Normally I'd say we might be reading way too far into the contents of a 90-second social media schedule release by using them as cold, hard evidence to a rumored franchise altering personnel decision of an NFL organization. I honestly wouldn't even have noticed Rosen going entirely unChosen in the first video without having been made aware of it prior to watching, so it's probably a bit premature for the second year, first round pick to start packing his bags based solely on its circulation.
That being said, as underwhelming and uneventful as his rookie season may have been, it is near impossible to incidentally put together a highlight package for a professional football team without once featuring the man who holds the hand with which the ball passed through on all offensive plays of note. I mean, even if I wanted to offer the benefit of the doubt, I'd have to be blind, deaf, and dumb not to consider that there were close-up cameos made by EIGHT other NFL quarterbacks, none of which are currently employed atop the Cardinals' depth chart under center. If that's not a sign that, at the very least, the online marketing team has taken their first step to securing a seat on the Kyler Murray bandwagon then I don't know what the hell is.
You don't go from getting a glimpse as the future face of the franchise to being a forgotten face in the franchise's glimpse into the future in one year without something being afoot. What's afoot could very well just be the passive aggressive hands of a presumptuous video editor, but me thinks the whispers in Cardinals HQ are about as Josh Rosen-friendly as the "returning" starting quarterback needing to be remixed into a role bigger than that of the team's long snapper. One just can't help but wonder where those whispers originated...
The Falcons Snuck An NFC Shampionship-Inspired Troll Job Into Their 'GoT' Schedule Release, And It's About Damn Time They Made a Funny
When you're so quick to give it, you got to be able to take it. Seeing as the Falcons have, through their unforgettable failures as a franchise, given the Saints and their much more faithful fanbase no choice but to give it, it was theoretically a matter of time before those same fans had to take it. For that reason, I tip my cap to Atlanta's social media team for putting together that clever animation, despite it being a nod to a play that still rips my heart out on...ahem...replay. Like it or not, and I most certainly do not, it's objectively funny.
Now, is it as objectively funny as putting billions of dollars into the building of a mechanical butthole that's perennially half-full and shares a sponsor with the much louder and prouder stadium of your most hated division rival? Good question. Is it as objectively funny as not only having to pipe in artificial crowd noise to your home venue for it to sound like anything remotely close to an NFL atmosphere, but also getting caught doing so? Who's to say? Is it as objectively funny as defying the constraints of time as a construct by blowing a 25-point lead in the second half of the biggest game in your franchise's history while on the brightest stage in sports? It suppose it's all a matter of perspective, but from my perspective the Saints pack far less as a punchline than does the organization that's unsurprisingly much less arrogant and accomplished as an antagonist, especially since having vacated the divisional throne.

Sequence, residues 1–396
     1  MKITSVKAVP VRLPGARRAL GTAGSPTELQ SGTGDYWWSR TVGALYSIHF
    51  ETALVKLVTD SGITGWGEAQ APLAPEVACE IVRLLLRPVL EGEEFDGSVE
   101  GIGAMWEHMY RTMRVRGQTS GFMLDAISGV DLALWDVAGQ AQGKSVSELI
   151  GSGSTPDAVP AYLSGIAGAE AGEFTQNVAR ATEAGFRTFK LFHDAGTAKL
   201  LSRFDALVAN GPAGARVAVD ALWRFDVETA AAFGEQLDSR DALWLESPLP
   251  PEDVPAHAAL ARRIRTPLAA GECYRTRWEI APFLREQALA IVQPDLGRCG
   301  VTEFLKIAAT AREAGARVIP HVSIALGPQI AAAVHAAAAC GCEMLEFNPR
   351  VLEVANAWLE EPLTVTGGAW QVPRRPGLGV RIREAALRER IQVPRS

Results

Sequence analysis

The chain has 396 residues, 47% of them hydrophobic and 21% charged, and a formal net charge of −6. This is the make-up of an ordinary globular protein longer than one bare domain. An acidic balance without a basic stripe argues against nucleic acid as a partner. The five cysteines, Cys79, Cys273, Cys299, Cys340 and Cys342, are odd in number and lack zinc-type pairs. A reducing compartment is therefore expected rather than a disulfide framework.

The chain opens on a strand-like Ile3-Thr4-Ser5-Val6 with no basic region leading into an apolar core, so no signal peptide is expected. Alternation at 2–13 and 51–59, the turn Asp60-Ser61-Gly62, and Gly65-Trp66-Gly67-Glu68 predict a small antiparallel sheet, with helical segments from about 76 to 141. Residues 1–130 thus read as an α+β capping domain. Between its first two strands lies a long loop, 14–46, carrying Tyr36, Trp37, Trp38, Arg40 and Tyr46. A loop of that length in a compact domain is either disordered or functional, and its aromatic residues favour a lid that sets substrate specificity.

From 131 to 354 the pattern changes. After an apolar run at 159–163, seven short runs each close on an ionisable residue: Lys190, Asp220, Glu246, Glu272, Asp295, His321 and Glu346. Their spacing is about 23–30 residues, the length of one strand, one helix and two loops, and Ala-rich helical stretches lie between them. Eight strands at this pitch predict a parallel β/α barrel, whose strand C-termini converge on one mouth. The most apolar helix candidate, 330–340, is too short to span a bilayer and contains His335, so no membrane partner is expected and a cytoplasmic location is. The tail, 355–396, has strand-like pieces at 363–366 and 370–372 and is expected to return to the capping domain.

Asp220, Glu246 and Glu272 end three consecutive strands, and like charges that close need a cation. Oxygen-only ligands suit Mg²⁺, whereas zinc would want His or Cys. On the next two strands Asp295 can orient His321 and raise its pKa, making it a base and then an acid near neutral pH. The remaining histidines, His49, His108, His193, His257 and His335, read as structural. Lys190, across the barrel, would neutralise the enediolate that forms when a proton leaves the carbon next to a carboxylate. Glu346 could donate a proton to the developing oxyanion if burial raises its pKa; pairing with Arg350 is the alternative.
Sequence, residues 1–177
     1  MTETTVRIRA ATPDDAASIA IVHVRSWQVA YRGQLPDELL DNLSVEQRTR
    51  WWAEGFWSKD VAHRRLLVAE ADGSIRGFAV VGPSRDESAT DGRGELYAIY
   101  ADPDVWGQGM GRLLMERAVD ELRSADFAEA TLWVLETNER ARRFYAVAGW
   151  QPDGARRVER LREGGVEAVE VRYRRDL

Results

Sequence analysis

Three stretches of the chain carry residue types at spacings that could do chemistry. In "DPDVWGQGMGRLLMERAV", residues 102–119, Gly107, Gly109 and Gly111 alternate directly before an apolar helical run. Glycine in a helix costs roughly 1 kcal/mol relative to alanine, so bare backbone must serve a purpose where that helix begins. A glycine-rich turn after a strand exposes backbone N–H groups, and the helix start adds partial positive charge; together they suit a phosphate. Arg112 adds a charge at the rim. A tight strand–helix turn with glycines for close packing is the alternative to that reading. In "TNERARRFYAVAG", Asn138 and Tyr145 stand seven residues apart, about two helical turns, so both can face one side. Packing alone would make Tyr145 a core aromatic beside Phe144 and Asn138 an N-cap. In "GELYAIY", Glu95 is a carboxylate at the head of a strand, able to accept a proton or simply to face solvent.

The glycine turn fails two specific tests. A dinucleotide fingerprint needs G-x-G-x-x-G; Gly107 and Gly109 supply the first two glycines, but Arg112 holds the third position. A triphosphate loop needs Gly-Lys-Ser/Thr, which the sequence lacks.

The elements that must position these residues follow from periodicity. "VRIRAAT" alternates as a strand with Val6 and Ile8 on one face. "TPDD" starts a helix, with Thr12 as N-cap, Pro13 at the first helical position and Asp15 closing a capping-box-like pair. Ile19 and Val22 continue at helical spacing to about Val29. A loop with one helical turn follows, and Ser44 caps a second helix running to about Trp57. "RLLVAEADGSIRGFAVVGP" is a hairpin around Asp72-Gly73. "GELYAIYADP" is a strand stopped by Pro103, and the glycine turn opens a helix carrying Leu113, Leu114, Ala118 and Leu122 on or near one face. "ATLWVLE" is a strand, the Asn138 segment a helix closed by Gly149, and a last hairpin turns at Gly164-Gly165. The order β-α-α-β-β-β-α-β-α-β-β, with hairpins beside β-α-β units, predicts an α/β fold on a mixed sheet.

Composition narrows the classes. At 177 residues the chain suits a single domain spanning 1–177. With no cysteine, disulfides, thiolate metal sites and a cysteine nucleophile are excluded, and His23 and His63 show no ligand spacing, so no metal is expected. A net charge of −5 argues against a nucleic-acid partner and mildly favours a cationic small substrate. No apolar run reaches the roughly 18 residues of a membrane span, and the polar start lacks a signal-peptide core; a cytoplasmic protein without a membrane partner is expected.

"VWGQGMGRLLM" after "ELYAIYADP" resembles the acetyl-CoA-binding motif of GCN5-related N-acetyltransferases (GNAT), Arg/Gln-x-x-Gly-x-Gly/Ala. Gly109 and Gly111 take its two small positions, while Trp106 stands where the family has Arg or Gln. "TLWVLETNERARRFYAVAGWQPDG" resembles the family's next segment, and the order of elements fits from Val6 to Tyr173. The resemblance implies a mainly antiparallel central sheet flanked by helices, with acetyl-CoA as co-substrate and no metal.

Despite Spending the Pistons' First Two Playoff Games in a Suit, Blake Griffin is Padding His Stats...With Technicals
I'll admit, Blake Griffin having made himself a thorn in the side of officials by picking up two technicals despite spending a grand total of zero minutes in uniform throughout the start of what's all-but-guaranteed to be an early and otherwise uneventful finish to the Pistons' postseason is statistically impressive.
It's just not nearly as statistically impressive as the 75 games played this season by a freakish talent whose body has betrayed him more often than a sociopathic lover with a crippling sex addiction.
In all likelihood, it's the second stat that explains the first one. This has been Blake Griffin's healthiest season since he was 24 years old, never mind one of his most productive, and yet he's still been shunned to the sidelines when it matters most by the only body that's been able to consistently limit him as an otherworldly athlete, with that quite obviously being his own.
I'm sure the fact that his team is getting predictably pissed all over by the unrelenting water pressure of the Greek Freak's golden shower is making the matter worse. However, what's really the matter is that he can't do anything about it for the umpteenth time in a career that will sadly be remembered for what it could have been. That's not to discredit what it actually has been, which is one of sports' most seducing cockteases, as much as it is a testament to the MVP-worthy talent in a DNP-worthy skeletal structure. We can laugh at him quickly working towards ejections from games he's not even participating in, but if you were Blake Griffin then untimely injuries would have you feeling pretty damn irritable too.
Wesley Matthews Threw an In-Bounds Fade Pattern to...Basically No One In Sealing a Game 2 Win For The Celtics
I just have one question and shockingly it's not "dude, WTF?". Well, on second thought, I suppose it could be pretty easily translated as such, but in the interest of my own curiosity I'd just like to ask what the plan was there. Far be it for me to think I have better court vision than an NBA player, but like...in his perfect world, how did Wesley Matthews see that cross-court, overhead throw-in to a blanketed teammate playing out?